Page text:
In order to comply with the Court’s order, USCIS will have to publish guidance on processing the applications of applicants who have not previously been granted DACA and advance parole requests that were suspended under prior court orders.

Please note that this article does not constitute a legal advice.  We simplified the law in order to outline the latest DACA developments.  If you would like to discuss if you may qualify for DACA or the best strategy after the US Supreme Court decision, call our experienced immigration attorney at 480-425-2009 or contact an experienced immigration attorney via our website to schedule a consultation. We look forward to discussing how we can help you with DACA application.

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Presidential Proclamation Suspending Entry of Certain Non-Immigrants

On June 22, 2020, President Trump signed a proclamation suspending and limiting the U.S. entry of foreign nationals on H-1B, H-2B, J (as intern, trainee, teacher, camp counselor, au pair, or summer work travel program) and L visas and any individuals accompanying or following to join them.

The proclamation applies to those who are outside the U.S. on June 24, 2020 and do not have such non-immigrant visa or official travel document that is valid on that day.

The suspension and limitation on entry does not apply to lawful permanent residents, spouses and children of the U.S. citizens, essential workers, individuals whose entry would be in the national interest.

The proclamation shall expire on December 31, 2020, and may be continued.

Please note that this article does not constitute a legal advice.  We simplified the law in order to outline the Proclamation.  If you would like to discuss how does this Proclamation affect you, call our experienced Immigration Attorney at 480-425-2009 or contact an experienced Immigration Attorney via our website to schedule a consultation. We look forward to talking with you and helping you analyze the effect of the Proclamation and your alternatives.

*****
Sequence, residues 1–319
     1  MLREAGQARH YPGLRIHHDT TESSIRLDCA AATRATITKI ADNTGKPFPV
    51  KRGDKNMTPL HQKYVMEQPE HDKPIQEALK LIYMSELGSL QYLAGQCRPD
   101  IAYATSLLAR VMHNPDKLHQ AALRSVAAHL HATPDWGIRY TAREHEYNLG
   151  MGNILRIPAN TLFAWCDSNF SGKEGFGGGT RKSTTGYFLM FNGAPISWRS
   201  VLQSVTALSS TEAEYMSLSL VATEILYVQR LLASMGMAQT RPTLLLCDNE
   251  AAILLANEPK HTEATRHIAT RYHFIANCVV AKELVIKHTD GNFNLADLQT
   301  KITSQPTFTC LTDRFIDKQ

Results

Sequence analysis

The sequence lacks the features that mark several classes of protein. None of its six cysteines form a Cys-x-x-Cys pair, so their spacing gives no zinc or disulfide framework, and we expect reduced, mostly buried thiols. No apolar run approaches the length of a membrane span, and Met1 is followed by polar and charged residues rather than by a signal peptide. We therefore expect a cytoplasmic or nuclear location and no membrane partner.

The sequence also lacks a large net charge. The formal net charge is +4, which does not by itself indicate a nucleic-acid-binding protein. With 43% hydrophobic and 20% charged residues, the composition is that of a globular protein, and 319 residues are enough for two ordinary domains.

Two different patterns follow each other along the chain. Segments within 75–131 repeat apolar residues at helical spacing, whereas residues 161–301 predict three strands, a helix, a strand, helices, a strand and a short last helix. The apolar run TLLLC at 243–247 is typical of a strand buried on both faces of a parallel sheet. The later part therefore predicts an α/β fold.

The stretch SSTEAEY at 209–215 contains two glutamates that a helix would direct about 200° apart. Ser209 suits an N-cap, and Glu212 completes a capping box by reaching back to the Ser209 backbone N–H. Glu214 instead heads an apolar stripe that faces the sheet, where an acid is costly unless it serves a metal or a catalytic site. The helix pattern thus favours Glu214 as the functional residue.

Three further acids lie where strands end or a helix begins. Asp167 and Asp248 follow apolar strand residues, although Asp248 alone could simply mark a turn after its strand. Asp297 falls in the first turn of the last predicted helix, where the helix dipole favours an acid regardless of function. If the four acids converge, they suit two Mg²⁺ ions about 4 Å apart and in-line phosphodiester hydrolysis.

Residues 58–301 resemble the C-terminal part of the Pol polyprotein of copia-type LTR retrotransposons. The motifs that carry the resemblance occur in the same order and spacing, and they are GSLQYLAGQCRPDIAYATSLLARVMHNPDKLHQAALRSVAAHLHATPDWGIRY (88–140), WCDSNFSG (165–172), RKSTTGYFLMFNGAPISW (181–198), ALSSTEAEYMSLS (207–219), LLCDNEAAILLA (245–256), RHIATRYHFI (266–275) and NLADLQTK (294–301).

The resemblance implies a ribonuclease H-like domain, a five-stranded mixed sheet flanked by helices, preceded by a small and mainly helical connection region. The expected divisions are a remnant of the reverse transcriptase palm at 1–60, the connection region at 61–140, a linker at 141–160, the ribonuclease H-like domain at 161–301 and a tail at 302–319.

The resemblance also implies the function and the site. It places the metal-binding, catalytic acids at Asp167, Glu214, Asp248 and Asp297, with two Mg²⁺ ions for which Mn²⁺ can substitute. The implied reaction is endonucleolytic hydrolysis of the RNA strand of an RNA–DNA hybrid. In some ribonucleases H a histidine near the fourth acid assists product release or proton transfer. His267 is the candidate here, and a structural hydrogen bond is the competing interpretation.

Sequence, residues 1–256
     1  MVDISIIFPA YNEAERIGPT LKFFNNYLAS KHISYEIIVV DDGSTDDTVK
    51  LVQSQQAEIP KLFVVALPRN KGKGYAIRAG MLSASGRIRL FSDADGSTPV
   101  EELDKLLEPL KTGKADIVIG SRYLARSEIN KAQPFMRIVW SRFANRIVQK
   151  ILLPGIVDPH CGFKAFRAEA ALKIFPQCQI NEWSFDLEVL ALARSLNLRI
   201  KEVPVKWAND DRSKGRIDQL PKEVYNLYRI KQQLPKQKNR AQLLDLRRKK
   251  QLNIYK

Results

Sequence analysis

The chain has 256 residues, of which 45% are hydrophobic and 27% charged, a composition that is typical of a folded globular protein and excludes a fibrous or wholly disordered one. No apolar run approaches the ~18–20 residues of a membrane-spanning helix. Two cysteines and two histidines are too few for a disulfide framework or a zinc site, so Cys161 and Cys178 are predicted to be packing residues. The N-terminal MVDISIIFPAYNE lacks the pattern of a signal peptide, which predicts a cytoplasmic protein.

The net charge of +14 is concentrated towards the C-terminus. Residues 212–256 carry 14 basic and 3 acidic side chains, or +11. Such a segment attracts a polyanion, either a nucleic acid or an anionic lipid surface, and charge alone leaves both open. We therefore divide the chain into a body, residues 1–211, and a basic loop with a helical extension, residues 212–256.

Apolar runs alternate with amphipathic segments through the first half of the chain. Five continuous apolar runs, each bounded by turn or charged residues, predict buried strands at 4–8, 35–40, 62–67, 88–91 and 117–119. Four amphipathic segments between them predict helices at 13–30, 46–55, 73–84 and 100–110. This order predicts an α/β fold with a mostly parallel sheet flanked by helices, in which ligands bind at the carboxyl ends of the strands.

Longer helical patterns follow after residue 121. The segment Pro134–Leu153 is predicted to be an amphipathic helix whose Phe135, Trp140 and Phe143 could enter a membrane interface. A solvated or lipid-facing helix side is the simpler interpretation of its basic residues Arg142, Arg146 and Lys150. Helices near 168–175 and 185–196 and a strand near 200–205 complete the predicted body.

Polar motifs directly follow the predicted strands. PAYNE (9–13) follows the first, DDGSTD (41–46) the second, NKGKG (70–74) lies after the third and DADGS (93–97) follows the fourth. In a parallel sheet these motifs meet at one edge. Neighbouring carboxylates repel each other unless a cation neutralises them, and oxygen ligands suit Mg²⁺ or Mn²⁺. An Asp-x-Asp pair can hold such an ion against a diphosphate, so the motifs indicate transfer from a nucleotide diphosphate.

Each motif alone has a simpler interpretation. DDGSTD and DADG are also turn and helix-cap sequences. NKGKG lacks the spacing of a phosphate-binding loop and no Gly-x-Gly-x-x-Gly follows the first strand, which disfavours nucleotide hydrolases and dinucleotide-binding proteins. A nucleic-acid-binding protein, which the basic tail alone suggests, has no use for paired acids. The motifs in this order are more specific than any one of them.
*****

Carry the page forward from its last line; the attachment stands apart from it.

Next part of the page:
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H-1B petition approval in 3 weeks

My client is a global marketing and branding company and filed a H-1B petition for a position of an Interior Designer.  The H-1B registration was selected in the H-1B lottery.  The Client was very cooperative and provided all documents necessary to show to the USCIS satisfaction that the Interior Designer is a specialty occupation according to the regulations.  In this case, the Petitioner (Client) normally requires a degree or its equivalent for the position and a baccalaureate or higher degree or its equivalent is normally the minimum requirement for entry into the position of the Interior Designer.   The position of the Interior Designer is also so complex that it can be performed only by an individual with a degree.

The client provided documents related to the position and showing that the Beneficiary (Employee) meets the requirements for the position.   The Beneficiary has a Master of Interior Architecture and has been working for the Client as a junior Interior Designer on her OPT.   My client was very happy to receive the approval just in 3 weeks, especially for entry level position.  Congratulations!

Please note that this case study does not constitute a legal advice.  We simplified the law in order to outline the H-1B process.  If you would like to discuss if you may qualify for H-1B status, call our experienced H-1B visa attorney at 480-425-2009 or contact an experienced H-1B attorney via our website to schedule a consultation. We look forward to discussing how we can help you obtain your H-1B visa

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Irena Juras Gets Dreamer her Green Card